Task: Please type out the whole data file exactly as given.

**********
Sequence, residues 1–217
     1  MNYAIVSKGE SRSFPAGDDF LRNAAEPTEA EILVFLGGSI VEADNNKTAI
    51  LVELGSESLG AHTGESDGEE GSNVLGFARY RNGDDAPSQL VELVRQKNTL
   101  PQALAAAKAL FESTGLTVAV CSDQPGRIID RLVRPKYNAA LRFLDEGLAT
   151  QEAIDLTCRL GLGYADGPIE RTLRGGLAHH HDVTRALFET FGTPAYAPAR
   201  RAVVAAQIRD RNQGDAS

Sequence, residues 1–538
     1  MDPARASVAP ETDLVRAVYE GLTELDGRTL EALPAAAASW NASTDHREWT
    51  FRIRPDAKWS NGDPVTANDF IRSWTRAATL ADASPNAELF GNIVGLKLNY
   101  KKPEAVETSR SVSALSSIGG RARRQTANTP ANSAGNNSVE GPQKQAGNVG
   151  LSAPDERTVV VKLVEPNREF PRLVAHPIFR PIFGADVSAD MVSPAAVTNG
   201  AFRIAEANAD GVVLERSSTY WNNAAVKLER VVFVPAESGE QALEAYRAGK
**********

Sequence, residues 1–217
     1  MNYAIVSKGE SRSFPAGDDF LRNAAEPTEA EILVFLGGSI VEADNNKTAI
    51  LVELGSESLG AHTGESDGEE GSNVLGFARY RNGDDAPSQL VELVRQKNTL
   101  PQALAAAKAL FESTGLTVAV CSDQPGRIID RLVRPKYNAA LRFLDEGLAT
   151  QEAIDLTCRL GLGYADGPIE RTLRGGLAHH HDVTRALFET FGTPAYAPAR
   201  RAVVAAQIRD RNQGDAS

Sequence, residues 1–538
     1  MDPARASVAP ETDLVRAVYE GLTELDGRTL EALPAAAASW NASTDHREWT
    51  FRIRPDAKWS NGDPVTANDF IRSWTRAATL ADASPNAELF GNIVGLKLNY
   101  KKPEAVETSR SVSALSSIGG RARRQTANTP ANSAGNNSVE GPQKQAGNVG
   151  LSAPDERTVV VKLVEPNREF PRLVAHPIFR PIFGADVSAD MVSPAAVTNG
   201  AFRIAEANAD GVVLERSSTY WNNAAVKLER VVFVPAESGE QALEAYRAGK